Sitting in the Confederation Park School library, Xavier Stonechild-Dorward reads his Maze Runner: The Scorch Trials book out loud – gently moving his fingertips across the braille pages.
The 13-year-old is visually impaired. He started learning how to read braille when he was seven.
“I have a braille bible that’s at my place and then I have the hunger games,” he said, describing his collection of books.
“I was able to get passed the beginner braille code, then I moved here and I started all the contractions,” he explained.
When Xavier moved to Saskatoon three years ago, he quickly became familiar with the Saskatchewan Alternate Format Materials Library (SAFM).
“I’ve been there four times,” he exclaimed. “It’s great to have in the city.”
Xavier is one of about 250 students in the province from kindergarten to Grade 12 with perceptual disabilities.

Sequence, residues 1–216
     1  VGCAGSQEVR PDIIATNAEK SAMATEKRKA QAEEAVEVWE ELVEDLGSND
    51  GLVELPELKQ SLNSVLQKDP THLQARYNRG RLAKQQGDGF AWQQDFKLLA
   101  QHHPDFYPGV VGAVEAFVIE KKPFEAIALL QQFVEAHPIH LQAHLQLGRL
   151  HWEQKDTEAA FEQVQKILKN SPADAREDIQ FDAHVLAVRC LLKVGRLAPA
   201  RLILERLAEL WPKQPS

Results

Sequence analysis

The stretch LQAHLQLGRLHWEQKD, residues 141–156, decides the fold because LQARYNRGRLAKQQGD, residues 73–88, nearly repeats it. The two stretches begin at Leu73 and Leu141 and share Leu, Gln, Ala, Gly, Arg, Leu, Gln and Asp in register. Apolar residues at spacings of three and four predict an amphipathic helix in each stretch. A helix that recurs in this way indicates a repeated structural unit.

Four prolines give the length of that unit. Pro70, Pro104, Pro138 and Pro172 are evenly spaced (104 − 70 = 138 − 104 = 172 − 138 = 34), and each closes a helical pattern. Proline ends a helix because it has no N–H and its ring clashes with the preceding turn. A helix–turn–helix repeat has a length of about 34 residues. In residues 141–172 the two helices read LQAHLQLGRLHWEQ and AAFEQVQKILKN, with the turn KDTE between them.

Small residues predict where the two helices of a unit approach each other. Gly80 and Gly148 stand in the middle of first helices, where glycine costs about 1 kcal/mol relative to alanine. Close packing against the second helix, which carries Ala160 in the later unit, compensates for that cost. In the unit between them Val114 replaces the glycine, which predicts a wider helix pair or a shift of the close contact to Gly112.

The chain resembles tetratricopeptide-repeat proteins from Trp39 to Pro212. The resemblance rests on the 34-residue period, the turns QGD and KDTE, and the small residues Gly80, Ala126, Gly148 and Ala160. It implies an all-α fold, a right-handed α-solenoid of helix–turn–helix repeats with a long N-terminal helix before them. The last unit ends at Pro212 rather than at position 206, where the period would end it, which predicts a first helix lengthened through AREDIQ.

They get their reading materials from SAFM, which houses almost 4,000 titles.
“Braille, e-text, audio, and large print,” SAFM collection developer Sarah Moloney explained. “There’s curriculum materials for science, math, social studies – all of their core subjects – as well as pleasure reading materials.”
“They wouldn’t be able to learn if they didn’t have access.”
In 2010, Unified English Braille (UEB) was adopted in Canada, meaning all English-speaking countries were using the same universal braille code.
It also meant the library’s collection was no longer valid.
“We have been trying since then to acquire new UEB materials,” Moloney said. “Most of our operating budget goes into curriculum resources.”
Moloney said a braille textbook can cost up to $45,000. A novel – up to $5,000.
“If a student wants a book and they want it in braille – it has to be sent out to be transcribed,” she explained.
Operated by the Saskatoon Public School Division, the library is funded by the Ministry of Education.
Thanks to a $12,000 grant from the Canada Post Community Foundation, the SAFM will be able to add to its collection – specifically, getting more pleasure reading materials.
“There’s no substitute for the ability to read, and for a visually impaired student that’s braille,” Moloney said.
It’s something Xavier is thankful for.
“Not all kids get the stuff that I get,” he said.